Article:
Good News First

This is a version of the sermon I preached for Sunday, May 17, 2020, for the online-only worship of Broken Bow United Methodist Church (you can also worship online through this site and/or see and hear the preached sermon. Because I preached with only minimal notes, this sermon in its preached form was different, and quite possibly better, for what it’s worth). This is the Sixth Lord’s Day of Easter. A bulletin for worship can be found here

Today’s sermon is based on 1 Peter 3:13-22


For families with kids at home, and maybe for teachers, this week’s anthem might be AC/DC’s “School’s Out for Summer.” After all, this week, our Broken Bow kids did their end of the year activities and then returned their school laptops and supplies to the school. Other communities ended school last week. And while this is always a bitter-sweet sort of experience, this year it’s even stranger because in a way, school as we knew it ended a few months ago.

I know that not all of us worshipping have students at home, but the experience of students this spring captures part of the challenge of this season for all of us. Our response to the COVID-19 virus has initiated an abrupt shift to digital and online-everything. This has been technologically challenging. But the shift to online-everything has been even more challenging because we’ve shifted responsibility. Here’s what I mean.

Before COVID, students went to school to learn from what the teachers presented. After COVID, teachers had to quickly shift how they taught. They skillfully created online lessons, plans, practices, and checklists for students to use. They coached them through some of the examples. And then they put the responsibility on the students to do the work, to live into their identity as active learners. If teachers were ever able to spoon-feed students, online learning made this largely a thing of the past. And quite likely, everyone struggled a bit in this from time to time: teachers, students, administrators, tech people, and even parents.

I think a similar thing has happened in the life of the church, in our Christian lives together. Before COVID, it was possible to center our spiritual lives around a community of people and our shared, in-person activities and ministries. If we didn’t have a robust prayer life, or an intentional scripture reading practice, perhaps many of us got along just fine. We knew we’d be able to come back to weekly CRC classes, Sunday School groups, and worship, where we’d be immersed in the story of God’s redemptive work in the world through Jesus in the Spirit. We were a people of communal practices as church. And this was great. We experienced God’s grace and we grew in our knowledge, love, and service to Jesus.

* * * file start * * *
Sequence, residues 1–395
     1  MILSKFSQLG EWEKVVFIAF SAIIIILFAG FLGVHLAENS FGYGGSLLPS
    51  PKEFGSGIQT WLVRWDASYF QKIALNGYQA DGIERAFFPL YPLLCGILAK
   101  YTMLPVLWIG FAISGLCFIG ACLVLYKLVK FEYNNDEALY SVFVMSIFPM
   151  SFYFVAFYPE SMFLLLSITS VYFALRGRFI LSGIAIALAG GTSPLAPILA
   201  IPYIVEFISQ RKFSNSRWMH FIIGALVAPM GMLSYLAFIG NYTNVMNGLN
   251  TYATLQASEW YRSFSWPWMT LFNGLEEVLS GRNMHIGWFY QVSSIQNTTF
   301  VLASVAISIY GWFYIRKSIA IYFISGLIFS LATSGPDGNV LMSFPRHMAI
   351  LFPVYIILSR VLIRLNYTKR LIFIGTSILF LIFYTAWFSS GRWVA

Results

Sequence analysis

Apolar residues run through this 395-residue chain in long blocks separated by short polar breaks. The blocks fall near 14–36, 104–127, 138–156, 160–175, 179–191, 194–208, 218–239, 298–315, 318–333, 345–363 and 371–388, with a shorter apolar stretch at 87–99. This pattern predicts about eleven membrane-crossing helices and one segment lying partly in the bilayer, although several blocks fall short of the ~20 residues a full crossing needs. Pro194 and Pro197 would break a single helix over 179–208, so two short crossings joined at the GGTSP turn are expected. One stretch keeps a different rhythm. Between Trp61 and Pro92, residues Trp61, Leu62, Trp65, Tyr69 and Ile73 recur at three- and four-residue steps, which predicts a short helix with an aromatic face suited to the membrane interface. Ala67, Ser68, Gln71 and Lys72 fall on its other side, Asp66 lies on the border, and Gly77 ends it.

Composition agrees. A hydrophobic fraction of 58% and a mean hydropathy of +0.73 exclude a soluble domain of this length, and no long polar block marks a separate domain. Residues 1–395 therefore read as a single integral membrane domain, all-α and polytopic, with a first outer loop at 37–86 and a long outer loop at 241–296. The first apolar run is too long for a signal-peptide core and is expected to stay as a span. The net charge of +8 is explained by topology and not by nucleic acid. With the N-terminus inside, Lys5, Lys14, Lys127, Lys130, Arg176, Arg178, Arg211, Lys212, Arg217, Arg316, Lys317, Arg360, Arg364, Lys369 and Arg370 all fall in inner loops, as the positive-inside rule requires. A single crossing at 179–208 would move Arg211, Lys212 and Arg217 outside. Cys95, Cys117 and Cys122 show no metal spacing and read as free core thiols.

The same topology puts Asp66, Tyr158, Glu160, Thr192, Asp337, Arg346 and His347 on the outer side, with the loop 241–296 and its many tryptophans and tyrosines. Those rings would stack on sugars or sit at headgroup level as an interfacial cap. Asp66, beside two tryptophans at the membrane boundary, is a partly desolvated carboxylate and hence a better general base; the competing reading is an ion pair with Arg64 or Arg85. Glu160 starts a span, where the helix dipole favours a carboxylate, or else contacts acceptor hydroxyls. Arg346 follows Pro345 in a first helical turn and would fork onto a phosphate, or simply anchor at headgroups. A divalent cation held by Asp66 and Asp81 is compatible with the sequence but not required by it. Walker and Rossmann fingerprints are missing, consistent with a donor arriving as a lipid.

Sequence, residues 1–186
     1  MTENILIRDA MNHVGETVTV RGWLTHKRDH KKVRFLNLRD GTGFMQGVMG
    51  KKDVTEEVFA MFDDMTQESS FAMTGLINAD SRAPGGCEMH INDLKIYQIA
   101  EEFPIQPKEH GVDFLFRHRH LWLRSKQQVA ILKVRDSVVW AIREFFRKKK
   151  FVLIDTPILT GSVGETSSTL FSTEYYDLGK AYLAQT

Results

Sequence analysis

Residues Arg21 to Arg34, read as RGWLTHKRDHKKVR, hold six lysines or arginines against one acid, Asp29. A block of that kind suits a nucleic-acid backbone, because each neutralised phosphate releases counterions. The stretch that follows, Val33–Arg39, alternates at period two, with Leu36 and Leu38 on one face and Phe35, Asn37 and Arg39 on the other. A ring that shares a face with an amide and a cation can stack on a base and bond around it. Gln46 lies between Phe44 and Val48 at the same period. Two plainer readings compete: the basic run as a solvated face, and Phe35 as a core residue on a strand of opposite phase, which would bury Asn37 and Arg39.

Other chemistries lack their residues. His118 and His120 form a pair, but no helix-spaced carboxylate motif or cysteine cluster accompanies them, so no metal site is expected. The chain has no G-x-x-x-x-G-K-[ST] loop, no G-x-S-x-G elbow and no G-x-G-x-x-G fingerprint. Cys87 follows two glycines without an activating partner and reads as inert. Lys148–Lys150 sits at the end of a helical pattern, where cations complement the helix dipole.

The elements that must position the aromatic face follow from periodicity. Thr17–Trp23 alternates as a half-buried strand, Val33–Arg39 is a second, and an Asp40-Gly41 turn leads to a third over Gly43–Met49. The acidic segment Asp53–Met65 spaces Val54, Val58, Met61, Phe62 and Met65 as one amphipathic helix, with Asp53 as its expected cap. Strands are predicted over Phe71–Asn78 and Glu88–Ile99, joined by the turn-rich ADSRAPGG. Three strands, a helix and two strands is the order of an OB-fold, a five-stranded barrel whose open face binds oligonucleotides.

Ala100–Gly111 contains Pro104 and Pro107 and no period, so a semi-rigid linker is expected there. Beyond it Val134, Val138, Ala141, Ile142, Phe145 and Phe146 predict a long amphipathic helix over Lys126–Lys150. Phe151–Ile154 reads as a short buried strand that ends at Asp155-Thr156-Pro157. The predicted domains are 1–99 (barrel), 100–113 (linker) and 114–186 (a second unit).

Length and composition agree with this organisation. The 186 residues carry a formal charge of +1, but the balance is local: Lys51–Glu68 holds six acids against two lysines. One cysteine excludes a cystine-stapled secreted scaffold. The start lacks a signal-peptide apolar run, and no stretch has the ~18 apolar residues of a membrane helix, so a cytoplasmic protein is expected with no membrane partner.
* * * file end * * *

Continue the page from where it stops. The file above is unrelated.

But after COVID, we’ve experienced a shift in responsibility. As a church, we’ve tried to be like the teachers in shifting our methods, but none of the old things are quite the same. As a pastor, this has been a challenging time, because being an online-only church puts much more of the responsibility of discipleship on you as individual followers of Jesus. The church can provide some worship and teaching ministries, but we are all a little bit out there, carrying more of the responsibility of learning, growing, teaching, discovering, and following Jesus than we’re used to.

During all this, I’ve been wondering if Peter and other church leaders felt similarly in the early years of the church – like their flock, their people, their brothers and sisters in Christ, were left dangling out in the big, wide world to do discipleship on their own. After all, Peter wrote from Rome to Christians spread out across what is now modern-day Turkey. Similarly, Paul and a few other apostles traveled here and there, but mostly didn’t stay too long in any one place. I suspect that the Spirit inspired them to write letters, which form much of our New Testament, because they struggled with placing so much responsibility for faith development on separated individuals.

The Spirit inspired Peter to write to encourage these struggling Christians, but he did it in a unique way. He basically sticks to two themes and repeats them throughout the letter. He reminds them about their identity in Christ, and then he calls them live like Jesus, to go high when others around them go low.

That part was easy to see, but over the past few weeks, I’ve struggled with what Peter was saying to me, and to us. I struggled because I got stuck by Peter’s first audience’s literal context. Peter repeatedly mentions that his audience was suffering – they experienced exclusion, teasing, or outright persecution – because of their faith. But honestly, I can think of very few times in my life when I’ve suffered or struggled because I am a follower of Jesus. Growing up and living in communities in which most of the people I know attend one church or another, or generally profess at least a little belief in God and Jesus, suffering because of our faith, doesn’t seem like it fits. In this reading, I struggled to find myself, or us, in 1 Peter’s audience.